Super injunctions

An updating page about the English court orders known as “super injunctions”. Please contact with more detail about the history of these orders.

Injunction (n): “A remedy whereby the court orders a defendant to do, or refrain from doing, a certain thing. It is an equitable remedy, and is available both as an interim remedy pending the final disposal of an action, and as a final remedy.” Source: Lexis ® Library

Super injunction (n):  an injunction which prohibits the reporting of its own existence. Source: (eg.) Mark Thomson on the Inforrm blog. Also known as: super-injunction, superinjunction. First known origin (satire): 2002, The Guardian. First known origin (news): 2009, The Guardian.

As the media commentator Roy Greenslade has noted, the term “super injunction” is now being used by journalists to describe privacy injunctions where the name or names are anonymised but details of the case are publicly available.

A report released on 2o May 2011 by the Master of the Rolls’ committee investigating super injunctions further clarified definitions. It said:

  • Super-injunctions and Anonymised Injunctions:  A super-injunction is an interim injunction which restrains a person from: (i) publishing information which concerns the applicant and is said to be confidential or private; and (ii) publicising or informing others of the existence of the order and the proceedings.
  • An anonymised injunction is an interim injunction which restrains a person from publishing information which concerns the applicant and is said to be confidential or private where the names of either or both of the parties to the proceedings are not stated. The proper approach to anonymisation has been clarified in the JIH case.
  • Since the Terry case, as far as the Committee is aware, only two known super-injunctions have been granted to protect information said to be private or confidential. One was set aside on appeal (Ntuli v Donald [2010] EWCA Civ 1276). The other was granted for seven days for anti-tipping-off reasons (DFT v TFD [2010] EWHC 2335 (QB)). As far as the Committee is aware, applicants now rarely apply for such orders and it is even rarer for them to be granted on anything other than an anti-tipping-off, short-term, basis.

History of the term

The “super injunction” first came to national prominence in October 2009, when the Guardian challenged an order brought by the law firm Carter Ruck on behalf of the oil trading firm Trafigura, preventing publication of the so-called Minton Report. The newspaper had, however, used the term in a joking manner seven years before. In 2002, writer Tim Dowling satirically claimed:

“A class-action “super-injunction” on behalf of Tom Cruise, Jennifer Lopez, Victoria Beckham, Julia Roberts, Michael Jackson, et al, against everyone they have ever met, will be suspended pending a European court ruling on whether or not celebrities have souls. Campaigners for “Naomi’s law” are considering an appeal.”

The Guardian used the term online at 13.08 on 13 October 2009. Guardian editor Alan Rusbridger said:

“I’m very pleased that common sense has prevailed and that Carter-Ruck’s clients are now prepared to vary this draconian injunction to allow reporting of parliament. It is time that judges stopped granting ‘super-injunctions’ which are so absolute and wide-ranging that nothing about them can be reported at all.”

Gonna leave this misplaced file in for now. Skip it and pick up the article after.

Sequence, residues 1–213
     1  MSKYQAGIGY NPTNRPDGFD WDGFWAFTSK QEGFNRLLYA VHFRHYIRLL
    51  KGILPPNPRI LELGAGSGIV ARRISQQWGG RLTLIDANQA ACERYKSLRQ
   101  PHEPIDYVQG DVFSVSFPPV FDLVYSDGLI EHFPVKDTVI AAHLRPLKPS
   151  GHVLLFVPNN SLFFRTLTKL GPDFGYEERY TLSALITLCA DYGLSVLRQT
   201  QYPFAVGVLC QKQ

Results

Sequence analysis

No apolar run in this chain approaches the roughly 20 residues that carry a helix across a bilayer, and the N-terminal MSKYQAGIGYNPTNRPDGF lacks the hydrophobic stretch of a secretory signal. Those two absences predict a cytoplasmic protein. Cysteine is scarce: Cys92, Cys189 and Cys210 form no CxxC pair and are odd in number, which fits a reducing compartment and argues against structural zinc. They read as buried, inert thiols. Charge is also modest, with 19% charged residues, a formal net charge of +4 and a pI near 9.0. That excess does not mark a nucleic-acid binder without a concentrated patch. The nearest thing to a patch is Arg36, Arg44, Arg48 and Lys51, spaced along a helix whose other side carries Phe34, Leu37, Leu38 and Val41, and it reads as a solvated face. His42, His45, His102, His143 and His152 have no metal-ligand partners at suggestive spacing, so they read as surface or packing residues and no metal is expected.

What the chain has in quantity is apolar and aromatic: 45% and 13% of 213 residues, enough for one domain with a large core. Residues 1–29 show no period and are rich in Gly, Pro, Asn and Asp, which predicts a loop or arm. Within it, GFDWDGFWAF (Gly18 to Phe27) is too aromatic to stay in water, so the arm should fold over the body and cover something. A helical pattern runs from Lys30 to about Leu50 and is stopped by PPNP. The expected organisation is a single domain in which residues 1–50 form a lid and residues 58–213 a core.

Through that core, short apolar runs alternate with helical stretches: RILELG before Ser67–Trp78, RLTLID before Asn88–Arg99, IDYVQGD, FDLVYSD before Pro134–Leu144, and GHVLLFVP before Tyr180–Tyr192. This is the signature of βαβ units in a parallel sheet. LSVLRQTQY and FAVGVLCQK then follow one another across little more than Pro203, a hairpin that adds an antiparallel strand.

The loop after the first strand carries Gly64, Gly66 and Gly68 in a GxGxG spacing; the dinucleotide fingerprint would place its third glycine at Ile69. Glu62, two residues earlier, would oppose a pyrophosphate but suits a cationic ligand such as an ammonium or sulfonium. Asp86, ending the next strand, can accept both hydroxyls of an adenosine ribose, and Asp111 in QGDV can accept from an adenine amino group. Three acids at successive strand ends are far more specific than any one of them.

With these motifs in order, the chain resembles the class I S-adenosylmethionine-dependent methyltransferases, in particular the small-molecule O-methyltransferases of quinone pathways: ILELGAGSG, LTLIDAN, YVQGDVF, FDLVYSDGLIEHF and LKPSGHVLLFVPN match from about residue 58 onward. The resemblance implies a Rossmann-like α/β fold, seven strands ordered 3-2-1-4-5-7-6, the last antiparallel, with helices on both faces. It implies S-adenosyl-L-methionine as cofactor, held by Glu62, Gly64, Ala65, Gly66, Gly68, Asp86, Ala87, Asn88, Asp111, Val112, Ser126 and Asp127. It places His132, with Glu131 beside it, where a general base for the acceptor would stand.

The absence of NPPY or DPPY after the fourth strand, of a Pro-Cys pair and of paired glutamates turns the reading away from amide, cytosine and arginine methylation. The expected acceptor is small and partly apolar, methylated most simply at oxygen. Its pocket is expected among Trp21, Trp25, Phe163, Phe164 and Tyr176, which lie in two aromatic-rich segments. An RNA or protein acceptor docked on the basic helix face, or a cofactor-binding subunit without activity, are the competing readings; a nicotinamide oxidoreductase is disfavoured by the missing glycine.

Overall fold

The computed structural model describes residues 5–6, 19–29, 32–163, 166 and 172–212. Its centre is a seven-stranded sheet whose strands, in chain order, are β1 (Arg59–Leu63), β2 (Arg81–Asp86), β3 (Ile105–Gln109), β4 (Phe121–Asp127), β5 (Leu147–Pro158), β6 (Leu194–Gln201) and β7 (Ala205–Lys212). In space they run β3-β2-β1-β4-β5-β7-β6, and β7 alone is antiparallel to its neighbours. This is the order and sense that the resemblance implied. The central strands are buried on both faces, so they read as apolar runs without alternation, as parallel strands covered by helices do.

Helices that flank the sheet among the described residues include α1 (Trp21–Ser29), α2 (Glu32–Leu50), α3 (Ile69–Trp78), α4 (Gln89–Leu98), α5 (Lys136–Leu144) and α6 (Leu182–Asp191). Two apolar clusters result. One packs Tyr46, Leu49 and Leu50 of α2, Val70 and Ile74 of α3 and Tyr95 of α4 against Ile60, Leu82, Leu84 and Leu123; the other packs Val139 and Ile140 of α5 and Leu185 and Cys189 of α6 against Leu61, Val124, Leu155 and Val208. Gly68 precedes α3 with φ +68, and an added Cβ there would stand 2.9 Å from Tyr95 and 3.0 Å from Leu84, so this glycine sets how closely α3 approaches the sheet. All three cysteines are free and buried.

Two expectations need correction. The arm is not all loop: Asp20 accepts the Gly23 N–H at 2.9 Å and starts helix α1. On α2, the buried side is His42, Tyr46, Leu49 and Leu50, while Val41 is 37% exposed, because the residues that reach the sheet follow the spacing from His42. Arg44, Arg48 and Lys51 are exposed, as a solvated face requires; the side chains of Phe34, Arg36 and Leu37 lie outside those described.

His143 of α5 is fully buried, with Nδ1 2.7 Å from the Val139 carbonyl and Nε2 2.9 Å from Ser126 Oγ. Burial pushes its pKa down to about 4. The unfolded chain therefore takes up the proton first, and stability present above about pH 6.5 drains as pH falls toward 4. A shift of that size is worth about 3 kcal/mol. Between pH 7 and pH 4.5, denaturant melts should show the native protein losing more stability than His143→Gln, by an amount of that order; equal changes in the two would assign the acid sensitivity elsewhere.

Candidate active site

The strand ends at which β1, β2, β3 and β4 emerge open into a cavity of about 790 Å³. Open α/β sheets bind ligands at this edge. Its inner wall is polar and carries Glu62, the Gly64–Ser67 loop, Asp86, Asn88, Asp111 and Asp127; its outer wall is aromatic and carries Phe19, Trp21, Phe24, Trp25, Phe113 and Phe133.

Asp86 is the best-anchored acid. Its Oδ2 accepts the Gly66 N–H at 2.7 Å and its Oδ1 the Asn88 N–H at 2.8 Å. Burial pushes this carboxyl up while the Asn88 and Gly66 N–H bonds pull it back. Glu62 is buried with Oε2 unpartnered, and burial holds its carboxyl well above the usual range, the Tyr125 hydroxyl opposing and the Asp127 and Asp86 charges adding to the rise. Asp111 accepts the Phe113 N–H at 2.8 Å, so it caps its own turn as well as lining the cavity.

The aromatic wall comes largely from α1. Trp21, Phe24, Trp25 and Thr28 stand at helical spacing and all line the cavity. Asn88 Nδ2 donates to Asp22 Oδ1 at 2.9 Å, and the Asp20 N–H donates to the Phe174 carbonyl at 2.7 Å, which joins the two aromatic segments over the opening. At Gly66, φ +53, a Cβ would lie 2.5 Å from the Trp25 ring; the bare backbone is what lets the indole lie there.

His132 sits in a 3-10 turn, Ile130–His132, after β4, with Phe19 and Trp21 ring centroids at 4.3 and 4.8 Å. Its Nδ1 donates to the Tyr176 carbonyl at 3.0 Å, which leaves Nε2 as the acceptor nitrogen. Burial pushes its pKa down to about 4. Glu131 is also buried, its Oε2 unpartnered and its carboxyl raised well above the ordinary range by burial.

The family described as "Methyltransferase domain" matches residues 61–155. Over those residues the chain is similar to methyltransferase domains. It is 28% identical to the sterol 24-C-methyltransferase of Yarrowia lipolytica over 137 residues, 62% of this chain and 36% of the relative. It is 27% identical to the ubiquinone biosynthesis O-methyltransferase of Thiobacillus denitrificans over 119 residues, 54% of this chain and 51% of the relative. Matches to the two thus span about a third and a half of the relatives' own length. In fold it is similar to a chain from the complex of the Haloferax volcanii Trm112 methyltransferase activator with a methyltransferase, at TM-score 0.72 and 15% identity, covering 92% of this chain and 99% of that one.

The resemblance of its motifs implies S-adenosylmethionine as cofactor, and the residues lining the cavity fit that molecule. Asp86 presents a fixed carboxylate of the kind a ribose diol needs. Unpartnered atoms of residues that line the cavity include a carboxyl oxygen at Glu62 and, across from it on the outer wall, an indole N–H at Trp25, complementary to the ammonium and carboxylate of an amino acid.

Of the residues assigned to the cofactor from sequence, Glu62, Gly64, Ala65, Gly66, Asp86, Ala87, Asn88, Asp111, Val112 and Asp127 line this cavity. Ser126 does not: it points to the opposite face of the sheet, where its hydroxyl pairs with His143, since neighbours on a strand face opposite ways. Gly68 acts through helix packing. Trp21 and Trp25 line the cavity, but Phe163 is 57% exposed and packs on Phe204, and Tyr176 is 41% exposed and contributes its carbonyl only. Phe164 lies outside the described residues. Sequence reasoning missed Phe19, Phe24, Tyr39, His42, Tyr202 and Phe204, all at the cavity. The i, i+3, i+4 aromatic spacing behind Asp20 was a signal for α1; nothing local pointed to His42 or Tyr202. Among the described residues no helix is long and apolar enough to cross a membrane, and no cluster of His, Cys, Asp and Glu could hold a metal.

The term is next used, as recorded in the Nexis® UK database, by PA Media Lawyer, 13 October 2009 reporting Parliament:

“Former shadow home secretary David Davis said: “This is a new class of injunction, a so called super-injunction, in which the press aren’t even allowed to report the injunction itself, the existence of the case, and that is how Parliament’s reporting has been stopped by this.”

The Hansard transcript can be found here. On 14 October 2009, the Guardian stated in its leader pages:

“That media organisations were unable to report a parliamentary question was due to a so-called “super-injunction” obtained by the notorious law firm Carter-Ruck on behalf of Trafigura, a large London-based trading company. A “super-injunction” is one which not only prevents any publication, but which is itself secret. Search in vain for the case in the court lists of the high court in London: it appears only as “RJW and SJW v The Guardian”.”

Recent data

The Ministry of Justice now releases biannual reports with a statistical summary of the number of anonymised privacy injunctions since August 2011.

Anonymised injunction  / privacy hearings in 2010 / 2011

[More detail on the Inforrm blog] CA = Court of Appeal.

8 Responses to Super injunctions

  1. Pingback: The marred privacy injunction | media law & ethics

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  5. Barry Turner says:

    Every 2nd year law student knows the maxims of equity, or at least they know the ones that count here. “He who comes to equity must come with clean hands” how do adulterers have these metaphorical clean hands? Equity acts in personam. Law in rem. That makes the concept of injunctions “against persons unknown” or contra mundum (against the world) a nonsense. Since some of our judges firmly believe that our silly antiquated secrecy culture can be exported let them think on this one. A certain politician in a land far far away gets annoyed at bad press he reads in our media. He pops down to the court in his capaital city and gets his judges to injunct contra mundum. Do our judges accept that this injunction is enforecable here?

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  8. Pingback: What is a SuperInjunction? | injunctionsblog

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